The email subject read “Announcing Centro U, The First Business School for Sex Workers” — followed by “FanCentro Opens ‘Centro University’ for Online Sex Workers” — and (of course) I am already confused!
Not all sex work is the same… Is Centro U like a liberal arts college that dives into all aspects of sex work? Maybe a trade school that offers certifications in different discrete sex work occupations? Or, is it just for online sex work?
Like I said, I’m already confused…
The press material kinda cleared it up though… But also not really.
Centro University, the first school specifically for porn stars, adult influencers and other online sex workers, opens [September 30] with over 700 students. Centro University’s innovative online curriculum was developed for sex workers by sex workers in an effort to address the rapidly growing market for self-produced adult content. The first live webinar, a new student orientation, is scheduled for October 7. Courses of study include:
— Adult Film Production
— Branding and Marketing for Adult Businesses
— Online Sales and Distribution
— Adult Contracts and the Law
— Privacy and Censorship for Sex Workers
— Health, Safety and Consent on Set
— Taxes and Accounting
“Sex work is real work, and benefits from education and training just like any other,” says Kat Revenga, Vice President of FanCentro. “With the shift to premium fan sites, sex workers need to be versed in online marketing and film production, as well as actual sex. They need to manage distribution, draft contracts, guard against censorship and protect their brand. CentroU brings together experts and leaders in the sector to help both established performers and industry newcomers grow their businesses.”
Centro University is free to all adult performers, influencers and content creators, and features classes in English, German, Spanish and Russian. Adult platform FanCentro has been working to develop the program for the past two years, but the COVID-19 shutdown fast-tracked the process as tens of thousands of new creators entered the adult marketplace.
CentroU’s introductory classes are available on demand, so performers can take them at their own pace. Live webinars will begin on October 7, with an orientation for new students, after which a full schedule of live classes will be announced. The school is building out a coaching and mentorship program connecting students with experienced performers, as well as a library of readings, research and resources for online sex workers. When travel and gathering restrictions are lifted, FanCentro will begin holding limited enrollment in-person training for those already enrolled at CentroU.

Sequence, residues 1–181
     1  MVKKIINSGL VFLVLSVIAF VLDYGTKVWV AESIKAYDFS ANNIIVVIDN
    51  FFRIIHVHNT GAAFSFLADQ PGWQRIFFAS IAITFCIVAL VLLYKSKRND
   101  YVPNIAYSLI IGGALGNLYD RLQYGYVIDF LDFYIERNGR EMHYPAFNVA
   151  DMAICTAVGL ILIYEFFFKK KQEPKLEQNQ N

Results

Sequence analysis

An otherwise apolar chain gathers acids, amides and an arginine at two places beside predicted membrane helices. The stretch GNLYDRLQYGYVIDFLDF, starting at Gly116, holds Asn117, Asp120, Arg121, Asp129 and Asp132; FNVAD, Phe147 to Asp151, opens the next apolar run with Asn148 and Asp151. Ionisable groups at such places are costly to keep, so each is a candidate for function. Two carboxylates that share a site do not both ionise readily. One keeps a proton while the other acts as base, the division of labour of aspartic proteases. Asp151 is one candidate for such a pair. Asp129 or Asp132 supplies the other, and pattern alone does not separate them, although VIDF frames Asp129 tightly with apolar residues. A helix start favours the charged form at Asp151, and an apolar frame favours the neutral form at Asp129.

CentroU has also partnered with Free Speech Coalition, the adult industry trade organization, to expand its educational resources for new performers. CentroU instructor MelRose Michaels (pictured below) helped host an FSC webinar in April for performers struggling with the global shutdown, and is working toward creating more partnered content in the coming months.“The more support we can give to performers, the more our industry will thrive,” says Revenga. “Our industry is changing rapidly, and we believe that by providing adult performers a free education and career support, we’re investing in the future of our community.”
While live classes may eventually be limited by size, those wishing to join Centro University’s inaugural class may still do so at CentroUniversity.com.
For access to coursework, interviews with students and faculty, or other information on CentroU, contact:
A quick pop over to the Centro University website showcases an array of cute available videos — an intro and ten targeted lessons — but if you want to access the videos, you have to register as an influencer with FanCentro. So, though there seems to be no monetary “fee” to attend Centro University, there most certainly is the “fee” of signing up with their system.
Now, this is not a bad thing. FanCentro is providing a resource, and an email address is a small price to pay for access — but it’s also not exactly the open-source information space that the PR presents. What if you are new/curious and are looking for info before you take the plunge into the cam space? For total n00bs, do they even know to have a business email for sign ups? Meh. It also makes me wonder about the 700 students FanCentro claims to be starting with. Is this just 700 existing platform accounts?
Also of interest, when mousing over the tenth lesson — “Where to Turn for Help” — a little pop-up reveals what’s the true purpose of Centro University: teaching people how to work FanCentro.
Here’s the pop-up text (and yes — I took a picture of my computer screen with my phone because I couldn’t figure out how to copy the text itself and was too lazy to transcribe it. also, for impact!):
So, if you want to learn more about types of online sex work work specifically that occurs within/on the FanCentro platform, check out “Centro University.” I guess the mission is in the name, I just wish the tag lines and teasers were a bit more… direct?
Erika is a sex positive people watcher (and writer). Email her at firstname.lastname@example.org.